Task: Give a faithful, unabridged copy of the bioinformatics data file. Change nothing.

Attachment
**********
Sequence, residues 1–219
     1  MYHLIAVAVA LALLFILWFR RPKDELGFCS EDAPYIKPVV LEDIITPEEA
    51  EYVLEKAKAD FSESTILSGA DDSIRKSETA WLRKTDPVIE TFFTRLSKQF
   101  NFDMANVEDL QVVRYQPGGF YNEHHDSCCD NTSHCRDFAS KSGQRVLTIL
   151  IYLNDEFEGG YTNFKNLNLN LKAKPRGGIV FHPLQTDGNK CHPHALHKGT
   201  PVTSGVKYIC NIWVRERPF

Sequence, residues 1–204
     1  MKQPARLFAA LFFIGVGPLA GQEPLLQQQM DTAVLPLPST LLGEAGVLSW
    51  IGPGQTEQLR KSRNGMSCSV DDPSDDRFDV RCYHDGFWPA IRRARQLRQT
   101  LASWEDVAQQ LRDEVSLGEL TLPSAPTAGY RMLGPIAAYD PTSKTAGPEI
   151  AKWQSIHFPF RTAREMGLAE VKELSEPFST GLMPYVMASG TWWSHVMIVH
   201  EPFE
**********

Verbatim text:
Sequence, residues 1–219
     1  MYHLIAVAVA LALLFILWFR RPKDELGFCS EDAPYIKPVV LEDIITPEEA
    51  EYVLEKAKAD FSESTILSGA DDSIRKSETA WLRKTDPVIE TFFTRLSKQF
   101  NFDMANVEDL QVVRYQPGGF YNEHHDSCCD NTSHCRDFAS KSGQRVLTIL
   151  IYLNDEFEGG YTNFKNLNLN LKAKPRGGIV FHPLQTDGNK CHPHALHKGT
   201  PVTSGVKYIC NIWVRERPF

Sequence, residues 1–204
     1  MKQPARLFAA LFFIGVGPLA GQEPLLQQQM DTAVLPLPST LLGEAGVLSW
    51  IGPGQTEQLR KSRNGMSCSV DDPSDDRFDV RCYHDGFWPA IRRARQLRQT
   101  LASWEDVAQQ LRDEVSLGEL TLPSAPTAGY RMLGPIAAYD PTSKTAGPEI
   151  AKWQSIHFPF RTAREMGLAE VKELSEPFST GLMPYVMASG TWWSHVMIVH
   201  EPFE